Canadian Red Cross

Canadian Red Cross

November 09, 2007 09:08 ET

Red Cross Launches Bullying Prevention Campaign to Empower Youth who are Bystanders

Bullying stops 50% of the time in 10 seconds or less when peers intervene

OTTAWA, ONTARIO--(Marketwire - Nov. 9, 2007) - Everyday in Canada, young people experience intimidation, degradation and cruelty at the hands of their peers. But when a friend steps in, bullying stops about 50 per cent of the time in 10 seconds or less. A new Canadian Red Cross campaign, Stand UP, launched for Bullying Awareness Week November 12-18, 2007, aims to empower bystanders to take steps to reduce bullying in their schools.

About one in five Canadian youth report being bullied regularly. For the victim, the consequences can include long-term emotional damage. Physical harm, caused by attacks or self-inflicted wounds, can also result. For the youth who is the aggressor, research indicates that bullying behaviour, when unchecked, can escalate into criminal action in later years.

The youth who are bystanders play a considerable role in the act of bullying by providing a much-needed audience. Research shows that more than 85 per cent of bullying episodes occur in the context of a peer group.

"For too long, bullying has been dismissed as a normal, harmless part of growing up. But something that deeply scars so many lives cannot be dismissed as just 'kid stuff'," says Lisa Evanoff, National Training Coordinator for the RespectED: Violence & Abuse Prevention program.

To stop the hurt, the first step is ensuring young people understand what's appropriate and what's unacceptable behaviour. The Red Cross program behind the campaign, Beyond the Hurt, clearly defines bullying and harassment, and examines the impact and consequences of these behaviours. The program is delivered in schools and community groups by young people, who have been trained, mentored and are supported by adult Prevention Educators.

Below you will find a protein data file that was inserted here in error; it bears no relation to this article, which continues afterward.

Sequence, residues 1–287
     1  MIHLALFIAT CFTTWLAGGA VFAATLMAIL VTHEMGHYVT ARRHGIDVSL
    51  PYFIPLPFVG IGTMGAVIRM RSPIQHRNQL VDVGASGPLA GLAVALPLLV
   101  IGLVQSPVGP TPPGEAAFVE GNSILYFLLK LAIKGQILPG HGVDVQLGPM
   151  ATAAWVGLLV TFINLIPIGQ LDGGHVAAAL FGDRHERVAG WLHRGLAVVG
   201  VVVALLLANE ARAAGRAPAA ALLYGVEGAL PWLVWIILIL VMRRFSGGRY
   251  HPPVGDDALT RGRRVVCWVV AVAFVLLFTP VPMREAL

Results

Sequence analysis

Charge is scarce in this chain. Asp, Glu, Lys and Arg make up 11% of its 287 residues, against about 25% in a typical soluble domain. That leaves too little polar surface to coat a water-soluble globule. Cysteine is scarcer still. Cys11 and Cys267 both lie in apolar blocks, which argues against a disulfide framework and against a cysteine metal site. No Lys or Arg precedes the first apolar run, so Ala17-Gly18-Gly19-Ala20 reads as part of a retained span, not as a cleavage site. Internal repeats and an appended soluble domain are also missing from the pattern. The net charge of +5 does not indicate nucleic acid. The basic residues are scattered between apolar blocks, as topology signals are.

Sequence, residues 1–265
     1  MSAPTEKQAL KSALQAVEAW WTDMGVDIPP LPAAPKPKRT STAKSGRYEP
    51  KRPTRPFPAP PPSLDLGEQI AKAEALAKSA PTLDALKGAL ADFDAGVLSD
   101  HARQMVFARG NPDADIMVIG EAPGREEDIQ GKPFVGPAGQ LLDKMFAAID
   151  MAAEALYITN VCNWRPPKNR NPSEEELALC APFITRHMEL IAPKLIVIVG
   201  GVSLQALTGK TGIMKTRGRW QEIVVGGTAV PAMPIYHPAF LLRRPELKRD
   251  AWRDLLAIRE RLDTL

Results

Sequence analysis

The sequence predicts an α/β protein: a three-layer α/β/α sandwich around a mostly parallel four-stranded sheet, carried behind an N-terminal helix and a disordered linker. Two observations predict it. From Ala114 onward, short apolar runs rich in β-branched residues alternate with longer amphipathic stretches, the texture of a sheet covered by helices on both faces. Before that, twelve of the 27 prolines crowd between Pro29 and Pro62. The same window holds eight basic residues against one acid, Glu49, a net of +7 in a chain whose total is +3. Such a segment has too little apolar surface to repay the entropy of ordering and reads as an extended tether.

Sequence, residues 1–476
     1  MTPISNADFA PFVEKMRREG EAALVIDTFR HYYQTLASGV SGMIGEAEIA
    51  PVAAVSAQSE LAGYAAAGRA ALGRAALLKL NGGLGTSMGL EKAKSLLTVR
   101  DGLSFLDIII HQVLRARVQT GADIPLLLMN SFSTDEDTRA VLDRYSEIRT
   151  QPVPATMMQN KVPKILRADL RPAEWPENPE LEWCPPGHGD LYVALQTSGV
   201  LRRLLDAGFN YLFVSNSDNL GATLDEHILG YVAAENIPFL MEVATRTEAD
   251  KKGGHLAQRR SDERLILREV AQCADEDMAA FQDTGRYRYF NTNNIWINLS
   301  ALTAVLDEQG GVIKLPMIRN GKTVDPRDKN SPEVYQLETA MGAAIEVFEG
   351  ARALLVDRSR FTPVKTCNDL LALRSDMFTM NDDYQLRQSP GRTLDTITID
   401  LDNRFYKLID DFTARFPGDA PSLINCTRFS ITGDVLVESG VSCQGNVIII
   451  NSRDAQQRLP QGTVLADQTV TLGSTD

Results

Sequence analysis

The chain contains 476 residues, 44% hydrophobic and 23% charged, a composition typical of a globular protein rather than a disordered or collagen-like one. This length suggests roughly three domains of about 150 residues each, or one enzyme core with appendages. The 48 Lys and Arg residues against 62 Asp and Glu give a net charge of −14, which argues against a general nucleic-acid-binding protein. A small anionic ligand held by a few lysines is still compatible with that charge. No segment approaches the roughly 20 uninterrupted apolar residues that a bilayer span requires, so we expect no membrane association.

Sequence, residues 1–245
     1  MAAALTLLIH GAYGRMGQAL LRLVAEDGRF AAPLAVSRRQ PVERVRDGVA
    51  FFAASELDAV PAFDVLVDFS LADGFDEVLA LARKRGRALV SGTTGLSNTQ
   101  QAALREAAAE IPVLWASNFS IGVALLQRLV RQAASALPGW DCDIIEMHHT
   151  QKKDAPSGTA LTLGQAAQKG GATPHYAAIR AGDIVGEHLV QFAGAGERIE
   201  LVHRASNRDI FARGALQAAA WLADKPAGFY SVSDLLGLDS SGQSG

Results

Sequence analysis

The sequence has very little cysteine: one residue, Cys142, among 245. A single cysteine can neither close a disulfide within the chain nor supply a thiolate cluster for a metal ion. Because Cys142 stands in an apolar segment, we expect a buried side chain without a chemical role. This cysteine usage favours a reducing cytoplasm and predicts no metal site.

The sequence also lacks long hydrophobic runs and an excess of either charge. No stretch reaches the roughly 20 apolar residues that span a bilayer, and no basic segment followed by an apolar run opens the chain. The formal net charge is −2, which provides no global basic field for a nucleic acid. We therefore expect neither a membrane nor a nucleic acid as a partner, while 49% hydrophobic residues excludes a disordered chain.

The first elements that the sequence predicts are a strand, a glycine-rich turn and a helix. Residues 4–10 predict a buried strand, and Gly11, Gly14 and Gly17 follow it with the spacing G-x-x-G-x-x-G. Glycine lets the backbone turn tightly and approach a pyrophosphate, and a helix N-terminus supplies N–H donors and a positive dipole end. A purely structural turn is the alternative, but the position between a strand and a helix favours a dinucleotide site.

The program not only helps the targets and perpetrators of bullying, but also helps bystanders understand their responsibilities. "The majority of young people are neither those who bully nor those who are victimized, but the passive or participatory bystander who has a significant role to play in prevention," Evanoff says. "Often, youth who bully are seeking prestige through their actions. Peers can cheer a bully on, or they can discourage harassing behaviour by refusing to accept or applaud the bully's actions."

The Red Cross also offers bullying prevention workshops for educators and other adults who work with youth to help them understand the destructive consequences of bullying, know the law and their obligations, and develop effective policies for prevention and intervention.

"When you're being bullied, you feel very alone. But you're actually part of a whole community that has an obligation to help make the problem stop," says Evanoff. "Everyone needs to understand how their actions and attitudes can either help bullying continue, or foster a healthy environment."

For more information on the campaign including tips for youth, parents and educators, visit

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